It’s been five years since I located this striking World War II era portrait of a young Washington, D.C., couple in the Scurlock Studio Collection housed in the museum’s Archives Center. It is my favorite among thousands of Scurlock photographs I’ve reviewed. I included it in my exhibition WWII Photographic Perspectives in 2004 and have kept a copy on my office wall since then.
There’s something about the promise of this young couple, Mr. and Mrs. U.S. Ricks. I always wanted to know more about their story, their life. Did Mr. Ricks survive wartime? Did the couple enjoy a long marriage? Did they have children? Did they live their lives in Washington, D.C.? If yes, how did segregation affect their lives? And, what could they tell me about their visit to the Scurlock Studio? I didn’t uncover these answers until two weeks ago. Here’s the background story, a series of happy occurrences.
Working with my colleagues at the National Museum of African American History and Culture, I had the pleasure of co-curating a new Smithsonian exhibition The Scurlock Studio and Black Washington: Picturing the Promise, open until February 2010. In this exhibition, Mr. and Mrs. Ricks’ portrait is once again on view. The portrait attracts comments by many of the visitors I lead through the gallery and is also reproduced in the companion book.
A chance meeting at a local book-signing helped me locate Mr. and Mrs. Ricks. A woman named Alice Davis came to hear myself and the other editors of the book discuss the long history of the Scurlock Studio, owned and operated by the prominent local Washington, D.C., African American family. Ms. Davis purchased several books and stood in line to meet all of us, introducing herself as Mrs. Ricks’ sister. Gloria Ricks was still living here in D.C., and very proud of the portrait. Indeed one of the signed books was going to be a gift to her. Ms. Davis gave me Gloria’s phone number, and I followed up!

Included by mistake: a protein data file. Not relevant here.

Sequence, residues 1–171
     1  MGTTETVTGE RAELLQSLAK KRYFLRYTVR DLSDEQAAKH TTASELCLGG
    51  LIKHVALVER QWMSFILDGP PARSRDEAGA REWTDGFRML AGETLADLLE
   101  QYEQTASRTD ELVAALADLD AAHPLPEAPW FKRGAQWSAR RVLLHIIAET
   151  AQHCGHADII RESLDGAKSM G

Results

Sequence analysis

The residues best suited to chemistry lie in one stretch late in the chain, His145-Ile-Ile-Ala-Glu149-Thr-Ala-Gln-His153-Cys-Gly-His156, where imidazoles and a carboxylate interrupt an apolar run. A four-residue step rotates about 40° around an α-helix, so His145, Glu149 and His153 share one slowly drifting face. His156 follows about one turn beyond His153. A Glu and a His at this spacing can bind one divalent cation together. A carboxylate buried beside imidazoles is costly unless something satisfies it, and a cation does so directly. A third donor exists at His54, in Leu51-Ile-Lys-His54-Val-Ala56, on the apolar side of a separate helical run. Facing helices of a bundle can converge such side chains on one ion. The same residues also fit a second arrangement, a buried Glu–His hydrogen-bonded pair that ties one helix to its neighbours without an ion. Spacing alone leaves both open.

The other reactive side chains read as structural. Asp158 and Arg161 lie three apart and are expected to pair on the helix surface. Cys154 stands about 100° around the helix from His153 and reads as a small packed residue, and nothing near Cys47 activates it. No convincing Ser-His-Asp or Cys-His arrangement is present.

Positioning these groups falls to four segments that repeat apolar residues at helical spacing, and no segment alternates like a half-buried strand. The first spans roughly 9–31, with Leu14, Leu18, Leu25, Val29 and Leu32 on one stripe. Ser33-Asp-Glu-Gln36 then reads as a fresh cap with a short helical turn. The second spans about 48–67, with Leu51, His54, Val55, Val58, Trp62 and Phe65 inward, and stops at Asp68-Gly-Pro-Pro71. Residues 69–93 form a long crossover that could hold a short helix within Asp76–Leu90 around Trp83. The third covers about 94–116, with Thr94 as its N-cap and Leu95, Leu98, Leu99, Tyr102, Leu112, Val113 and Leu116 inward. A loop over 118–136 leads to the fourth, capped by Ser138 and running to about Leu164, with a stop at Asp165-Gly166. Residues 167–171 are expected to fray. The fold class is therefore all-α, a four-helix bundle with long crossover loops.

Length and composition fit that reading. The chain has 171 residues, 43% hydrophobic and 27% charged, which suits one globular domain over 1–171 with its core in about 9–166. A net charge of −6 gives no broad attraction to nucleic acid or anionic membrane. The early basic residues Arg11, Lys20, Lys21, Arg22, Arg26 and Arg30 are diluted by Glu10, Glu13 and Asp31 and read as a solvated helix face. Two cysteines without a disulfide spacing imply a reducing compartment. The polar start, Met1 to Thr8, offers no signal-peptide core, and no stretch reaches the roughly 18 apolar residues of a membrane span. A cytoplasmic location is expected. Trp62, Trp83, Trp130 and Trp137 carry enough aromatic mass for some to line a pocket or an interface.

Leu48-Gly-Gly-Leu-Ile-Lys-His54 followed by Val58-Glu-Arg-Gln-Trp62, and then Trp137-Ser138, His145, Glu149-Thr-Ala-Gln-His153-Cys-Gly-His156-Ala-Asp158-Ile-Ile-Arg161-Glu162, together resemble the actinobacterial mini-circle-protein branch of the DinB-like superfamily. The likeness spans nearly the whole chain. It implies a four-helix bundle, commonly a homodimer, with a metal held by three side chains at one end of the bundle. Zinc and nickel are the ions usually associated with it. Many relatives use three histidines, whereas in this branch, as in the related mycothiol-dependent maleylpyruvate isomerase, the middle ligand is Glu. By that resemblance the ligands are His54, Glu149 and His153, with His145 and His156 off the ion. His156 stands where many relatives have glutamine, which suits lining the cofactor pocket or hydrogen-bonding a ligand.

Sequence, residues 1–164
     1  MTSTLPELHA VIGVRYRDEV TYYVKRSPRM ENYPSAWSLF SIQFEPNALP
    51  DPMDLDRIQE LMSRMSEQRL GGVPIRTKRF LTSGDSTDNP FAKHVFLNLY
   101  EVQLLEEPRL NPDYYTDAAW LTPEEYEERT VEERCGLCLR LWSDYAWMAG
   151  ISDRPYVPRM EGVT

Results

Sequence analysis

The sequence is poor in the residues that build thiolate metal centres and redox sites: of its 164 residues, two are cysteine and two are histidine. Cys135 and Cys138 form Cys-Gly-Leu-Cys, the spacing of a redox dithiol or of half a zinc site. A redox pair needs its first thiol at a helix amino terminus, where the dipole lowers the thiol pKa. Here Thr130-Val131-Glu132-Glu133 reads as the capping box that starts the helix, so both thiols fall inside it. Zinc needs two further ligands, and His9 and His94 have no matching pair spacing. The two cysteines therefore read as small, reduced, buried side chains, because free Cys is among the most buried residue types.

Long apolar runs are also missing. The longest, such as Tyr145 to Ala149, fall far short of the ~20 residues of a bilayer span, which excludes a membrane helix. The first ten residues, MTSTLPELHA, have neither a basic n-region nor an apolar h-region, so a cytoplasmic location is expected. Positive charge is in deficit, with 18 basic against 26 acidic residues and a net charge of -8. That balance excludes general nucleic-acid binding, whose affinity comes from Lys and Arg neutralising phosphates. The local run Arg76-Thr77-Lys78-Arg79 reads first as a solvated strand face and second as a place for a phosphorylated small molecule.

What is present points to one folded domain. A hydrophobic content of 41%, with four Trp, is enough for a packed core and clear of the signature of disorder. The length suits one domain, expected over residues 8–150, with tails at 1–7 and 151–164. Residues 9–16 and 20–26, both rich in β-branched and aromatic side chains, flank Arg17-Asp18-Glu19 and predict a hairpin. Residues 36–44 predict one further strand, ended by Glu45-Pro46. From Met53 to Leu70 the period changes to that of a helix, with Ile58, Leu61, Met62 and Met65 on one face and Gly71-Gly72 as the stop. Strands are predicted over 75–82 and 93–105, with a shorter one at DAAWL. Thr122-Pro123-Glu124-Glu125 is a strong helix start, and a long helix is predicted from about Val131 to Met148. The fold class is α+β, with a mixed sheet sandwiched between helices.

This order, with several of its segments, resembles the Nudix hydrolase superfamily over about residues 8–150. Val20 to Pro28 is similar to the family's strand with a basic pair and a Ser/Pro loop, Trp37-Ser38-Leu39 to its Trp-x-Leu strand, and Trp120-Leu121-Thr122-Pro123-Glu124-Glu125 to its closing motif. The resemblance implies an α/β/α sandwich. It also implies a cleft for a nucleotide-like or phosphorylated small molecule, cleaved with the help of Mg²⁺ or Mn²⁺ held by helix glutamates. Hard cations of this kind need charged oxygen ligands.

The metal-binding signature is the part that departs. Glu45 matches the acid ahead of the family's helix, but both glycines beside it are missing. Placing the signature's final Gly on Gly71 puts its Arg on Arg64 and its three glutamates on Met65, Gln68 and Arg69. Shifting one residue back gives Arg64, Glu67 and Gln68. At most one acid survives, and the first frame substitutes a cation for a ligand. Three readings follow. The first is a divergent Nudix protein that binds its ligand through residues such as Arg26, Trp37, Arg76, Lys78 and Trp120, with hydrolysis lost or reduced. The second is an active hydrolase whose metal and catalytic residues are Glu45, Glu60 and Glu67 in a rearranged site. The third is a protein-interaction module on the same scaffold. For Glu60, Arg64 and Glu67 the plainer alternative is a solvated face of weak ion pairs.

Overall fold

This handsome portrait of Ulysses and Gloria Ricks was taken by George Scurlock, just after Ulysses returned home from war in June 1944. Drafted into military service in 1941, he left his wife Gloria for the Pacific theater just two months after their marriage. The Ricks and Scurlock families knew each other well. Ulysses was a childhood friend of George Scurlock. Their family homes were both in the 1200 block of T Street, NW, Washington. Husband and wife both looked quite comfortable in front of the camera. They were expecting their first child later that year, and truly just starting their married life and professional careers.
Both Gloria and Ulysees were college educated. She attended Miner Teacher’s College, though not to become a teacher. Gloria worked at Chesapeake & Potomac Telephone Company, and was one of the first eight African Americans to integrate the company. Ulysses attended The Catholic University and later the Department of Agriculture Graduate School. Now retired, Ulysses was a trained librarian, and longtime employee of the Library of Congress. Today, after 67 years of marriage, Gloria still boasts of her beloved Ulysses, their son, and their travels around the world.
Sometimes you just know there’s a happy ending! I’ll keep the Ricks’ portrait up in my office long after the Scurlock exhibition closes. It serves as a reminder of my work collecting and exhibiting the Scurlock Studio Collection, and the importance of this archive to the local D.C. and national African American community. What a poignant and beautiful portrait it is, as so many are in the Scurlock Collection.
Michelle Delaney is Curator of Photography in the Division of Information Technology & Communications at the National Museum of American History.